It’s Triple Crown season, and the horses we are dealing with are three-year-olds. With this group of thoroughbred racehorses, sometimes promise leads to greatness, and sometimes it leads to disappointment and a failure to move forward in their growth. We entered Kentucky Derby week feeling that Forte was a deserving favorite who would deliver his usual solid performance. Instead, he didn’t even make it to the starting gate, as Kentucky state veterinarians felt that a bruise to his right front hoof was serious enough to order him scratched.
Then, there was the pace issue, with so many experts saying there was no speed in the race. Instead, we got a sub-46 second half mile that set the race up for closers and cooked most of those who were on the pace. How about the disappointment factor? Some of the perceived best horses in the race simply did not move forward. To name a few of them, Tapit Trice, Derma Sotogake and Verifying were all beaten by eight lengths or more.
Who was left to deliver a strong performance? How about Mage, who was an X-factor horse in the race – He entered the Kentucky Derby with only three starts in his career, and his final prep in the Florida Derby was a second-place finish to Forte where he only lost by one length. That race was a big improvement over his second start in the Fountain of Youth Stakes, where Forte beat him by nearly seven lengths. Also, he had shown progressively better speed figures in those three starts, a pattern which indicated that improvement was a strong possibility in Louisville. He ran a great race under the guidance of veteran jockey Javier Castellano, and he was a deserving winner. Praise should also go out to the second-place finisher, Two Phil’s, who was the only horse from the front of the pack who remained to be a factor at the wire. I was among many handicappers who dismissed his win in the Jeff Ruby Steaks because they doubted the quality of the field and the fact that the race was run on a synthetic surface. He proved himself to be a solid runner who will earn a good deal of money under the guidance of trainer Larry Rivelli.
RELATED: Mage leads 2023 Preakness Stakes odds as post positions are announced
Before moving on to the Preakness, it is necessary to acknowledge and discuss the equine fatalities that happened at Churchill Downs leading up to and including Kentucky Derby day. Since that day, casual fans and non-fans have approached me, and the first question they ask is about those fatalities. This is a discussion that should be broken into two parts. The first part is the deaths of two horses trained by Saffie Joseph, Jr., both of whom died suddenly and inexplicably, either within a race or just after it. Kentucky officials suspended the trainer from running horses at Churchill until results of a necropsy on those horses became available. This was done citing caution — if there was a condition within that barn, or in the feed for the horses that led to these deaths, it was safer to not have his horses run there as the facts are awaited. The decision led also led to the scratch from the Derby of Joseph’s Wood Memorial winner, Lord Miles.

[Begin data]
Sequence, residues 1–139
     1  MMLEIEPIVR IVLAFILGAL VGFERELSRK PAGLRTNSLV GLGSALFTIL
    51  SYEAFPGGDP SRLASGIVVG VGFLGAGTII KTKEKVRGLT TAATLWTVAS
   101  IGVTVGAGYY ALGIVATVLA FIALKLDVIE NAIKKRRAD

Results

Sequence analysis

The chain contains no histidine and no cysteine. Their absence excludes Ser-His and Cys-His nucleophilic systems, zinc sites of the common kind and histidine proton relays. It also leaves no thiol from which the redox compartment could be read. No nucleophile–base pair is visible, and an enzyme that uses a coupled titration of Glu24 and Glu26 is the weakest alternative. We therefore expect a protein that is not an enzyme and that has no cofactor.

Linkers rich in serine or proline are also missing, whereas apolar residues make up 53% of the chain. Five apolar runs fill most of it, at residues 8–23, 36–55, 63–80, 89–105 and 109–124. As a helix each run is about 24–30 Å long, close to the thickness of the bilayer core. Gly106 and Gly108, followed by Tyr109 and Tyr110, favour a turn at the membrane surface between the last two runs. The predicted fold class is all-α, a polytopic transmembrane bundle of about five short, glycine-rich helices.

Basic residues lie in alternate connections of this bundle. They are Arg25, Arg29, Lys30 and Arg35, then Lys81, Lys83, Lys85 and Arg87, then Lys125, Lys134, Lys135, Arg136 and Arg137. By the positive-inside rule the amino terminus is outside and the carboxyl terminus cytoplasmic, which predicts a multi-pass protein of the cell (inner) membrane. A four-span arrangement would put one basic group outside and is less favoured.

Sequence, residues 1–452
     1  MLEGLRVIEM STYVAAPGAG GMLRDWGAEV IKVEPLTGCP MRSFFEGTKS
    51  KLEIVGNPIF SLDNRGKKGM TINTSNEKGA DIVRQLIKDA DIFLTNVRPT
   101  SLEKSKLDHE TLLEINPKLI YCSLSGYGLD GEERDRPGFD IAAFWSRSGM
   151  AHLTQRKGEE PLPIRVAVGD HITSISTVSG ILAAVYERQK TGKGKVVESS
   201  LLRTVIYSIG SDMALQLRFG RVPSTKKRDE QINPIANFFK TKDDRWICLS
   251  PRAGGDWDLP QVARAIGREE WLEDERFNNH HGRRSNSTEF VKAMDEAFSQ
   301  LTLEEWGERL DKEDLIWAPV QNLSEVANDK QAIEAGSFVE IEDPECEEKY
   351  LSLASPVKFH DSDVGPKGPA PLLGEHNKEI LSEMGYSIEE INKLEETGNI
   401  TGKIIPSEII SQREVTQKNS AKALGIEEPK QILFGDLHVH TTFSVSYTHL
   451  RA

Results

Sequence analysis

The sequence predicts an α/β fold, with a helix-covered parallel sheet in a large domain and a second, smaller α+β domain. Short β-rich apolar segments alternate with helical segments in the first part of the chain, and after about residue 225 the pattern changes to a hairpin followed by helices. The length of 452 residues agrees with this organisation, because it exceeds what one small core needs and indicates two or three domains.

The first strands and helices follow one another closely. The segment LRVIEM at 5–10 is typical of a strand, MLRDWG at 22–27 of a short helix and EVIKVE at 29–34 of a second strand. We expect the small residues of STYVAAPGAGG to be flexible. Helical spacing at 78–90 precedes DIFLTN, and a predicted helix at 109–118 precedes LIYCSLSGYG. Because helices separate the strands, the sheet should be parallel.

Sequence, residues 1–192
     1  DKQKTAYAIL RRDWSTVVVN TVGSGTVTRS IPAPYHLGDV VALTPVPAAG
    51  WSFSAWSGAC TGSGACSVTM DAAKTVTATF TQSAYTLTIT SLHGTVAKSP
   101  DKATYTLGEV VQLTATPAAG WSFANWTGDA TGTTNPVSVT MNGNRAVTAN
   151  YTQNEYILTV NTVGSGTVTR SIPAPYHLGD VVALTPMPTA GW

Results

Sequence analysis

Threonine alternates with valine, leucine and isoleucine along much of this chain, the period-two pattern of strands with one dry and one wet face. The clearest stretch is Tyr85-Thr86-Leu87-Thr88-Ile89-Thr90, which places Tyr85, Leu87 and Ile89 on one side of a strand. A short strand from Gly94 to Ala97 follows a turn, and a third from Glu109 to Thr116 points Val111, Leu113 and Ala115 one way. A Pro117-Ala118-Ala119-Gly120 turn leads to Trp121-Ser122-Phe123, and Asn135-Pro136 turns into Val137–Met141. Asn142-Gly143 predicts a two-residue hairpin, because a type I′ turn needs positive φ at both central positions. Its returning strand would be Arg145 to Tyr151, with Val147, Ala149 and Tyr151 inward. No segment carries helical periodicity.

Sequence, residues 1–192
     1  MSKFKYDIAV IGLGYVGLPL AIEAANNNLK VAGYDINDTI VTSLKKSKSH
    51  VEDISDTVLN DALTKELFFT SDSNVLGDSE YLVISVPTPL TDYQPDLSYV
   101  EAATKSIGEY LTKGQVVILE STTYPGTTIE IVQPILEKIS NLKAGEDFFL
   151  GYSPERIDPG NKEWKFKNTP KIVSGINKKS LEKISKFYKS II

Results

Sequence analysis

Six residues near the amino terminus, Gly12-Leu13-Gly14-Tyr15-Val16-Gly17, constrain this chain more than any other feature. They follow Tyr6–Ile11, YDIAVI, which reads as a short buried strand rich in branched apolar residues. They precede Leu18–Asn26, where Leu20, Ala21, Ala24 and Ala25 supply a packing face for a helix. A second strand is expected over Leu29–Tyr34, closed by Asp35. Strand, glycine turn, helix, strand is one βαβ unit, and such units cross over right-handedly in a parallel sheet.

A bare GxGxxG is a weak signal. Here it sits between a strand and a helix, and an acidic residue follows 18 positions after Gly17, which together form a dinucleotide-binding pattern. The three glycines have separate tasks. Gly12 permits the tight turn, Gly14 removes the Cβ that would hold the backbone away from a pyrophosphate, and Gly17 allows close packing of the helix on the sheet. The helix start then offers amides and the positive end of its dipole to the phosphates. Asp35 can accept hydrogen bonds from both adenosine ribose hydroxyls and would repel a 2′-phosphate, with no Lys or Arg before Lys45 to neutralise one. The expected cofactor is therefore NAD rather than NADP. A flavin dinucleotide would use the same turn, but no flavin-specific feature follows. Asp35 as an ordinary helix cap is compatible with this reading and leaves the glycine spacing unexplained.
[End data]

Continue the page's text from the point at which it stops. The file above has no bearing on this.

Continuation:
The other fatalities were the result of injuries that occurred either during racing or training. Churchill Downs is generally known for having properly groomed racing surfaces, but they are further investigating whether track conditions were a factor. Finally, there is the overall issue of safety in the sport. On a national basis, equine fatalities are down significantly. Santa Anita, as an example, has gone from a track which had a string of incidents a few years back to the most statistically safe major track in the country. As recent weeks have reminded us, there is much work still to be done to minimize the inherent risks of a sport where horses move at almost 40 mph while being ridden by a human being, but we should also recognize major strides forward that have been made in equine medicine and equine safety. No equine deaths are like the mathematical universe that will never be fully achieved, but the sport is moving forward with the best of intentions and implementing changes that have helped. This is a tough period for racing, and time and investigations will hopefully provide answers to the unfortunate circumstances of the past couple of weeks at Churchill Downs.
Key Storylines for 2023 Preakness Stakes